Mercedes boss Toto Wolff expects a different sort of challenge for his team at the French Grand Prix this weekend.
There has been no race in France at all for a decade, with the Paul Ricard circuit having not been used for an Formula 1 race since 1990, with Magny-Cours favoured between 1991 and 2008.
That means that Mercedes will not have their usual wealth of data to use to plot their strategy for the weekend, something which Wolff is looking forward to, to see how his team respond.
He said: “France should be an interesting race. We don’t often get to race on a track where we have little to no historical data.
“It makes preparing for the weekend a bit trickier than usual, but that element of the unknown also adds to the challenge.”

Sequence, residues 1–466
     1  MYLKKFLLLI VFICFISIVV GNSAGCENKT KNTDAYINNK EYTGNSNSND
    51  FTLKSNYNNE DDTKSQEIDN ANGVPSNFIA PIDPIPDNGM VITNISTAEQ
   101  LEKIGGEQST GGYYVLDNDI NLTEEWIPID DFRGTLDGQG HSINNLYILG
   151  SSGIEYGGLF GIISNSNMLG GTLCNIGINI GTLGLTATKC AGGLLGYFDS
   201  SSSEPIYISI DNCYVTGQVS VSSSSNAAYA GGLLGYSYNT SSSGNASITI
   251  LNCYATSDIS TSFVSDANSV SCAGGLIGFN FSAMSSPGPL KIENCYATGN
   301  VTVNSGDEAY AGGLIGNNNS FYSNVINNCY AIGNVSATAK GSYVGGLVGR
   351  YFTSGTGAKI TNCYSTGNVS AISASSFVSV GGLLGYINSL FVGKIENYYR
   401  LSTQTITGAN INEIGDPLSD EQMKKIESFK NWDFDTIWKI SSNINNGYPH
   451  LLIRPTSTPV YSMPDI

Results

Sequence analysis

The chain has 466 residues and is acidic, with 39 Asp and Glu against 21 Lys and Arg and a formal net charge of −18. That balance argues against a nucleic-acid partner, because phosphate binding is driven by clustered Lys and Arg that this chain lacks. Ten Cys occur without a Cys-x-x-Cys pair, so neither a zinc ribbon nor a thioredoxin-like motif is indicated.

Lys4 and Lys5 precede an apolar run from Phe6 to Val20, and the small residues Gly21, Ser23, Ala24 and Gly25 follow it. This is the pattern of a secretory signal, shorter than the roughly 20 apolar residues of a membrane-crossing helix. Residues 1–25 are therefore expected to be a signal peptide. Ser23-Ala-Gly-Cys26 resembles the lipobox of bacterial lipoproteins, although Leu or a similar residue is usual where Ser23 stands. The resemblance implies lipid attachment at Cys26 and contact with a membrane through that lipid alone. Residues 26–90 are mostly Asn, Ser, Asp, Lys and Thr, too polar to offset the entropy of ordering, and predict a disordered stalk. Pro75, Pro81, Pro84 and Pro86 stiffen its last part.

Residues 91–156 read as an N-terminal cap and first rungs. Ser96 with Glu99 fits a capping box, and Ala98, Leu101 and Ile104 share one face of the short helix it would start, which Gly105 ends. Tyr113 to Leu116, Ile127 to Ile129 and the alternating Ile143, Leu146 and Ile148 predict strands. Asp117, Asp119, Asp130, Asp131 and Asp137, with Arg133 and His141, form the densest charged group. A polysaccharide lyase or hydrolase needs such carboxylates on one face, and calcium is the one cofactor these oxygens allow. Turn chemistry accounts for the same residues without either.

Ferrari won the last three French Grands Prix between 2006 and 2008, while the last time the Paul Ricard was the host venue Ferrari also came out on top through Alain Prost (1990).
Having dominated F1 for much of the past few seasons, Mercedes are facing a much stiffer challenge from both Ferrari and Red Bull this year, with Ferrari ace Sebastian Vettel top of the drivers’ standings after winning last time out in Canada.
Vettel has won three of the seven races so far this season, with Mercedes star and reigning world champion Lewis Hamilton claiming two victories – as has Red Bull star Daniel Ricciardo.
Hamilton is 2.50 to win the French Grand Prix this weekend, with Vettel available at 2.50.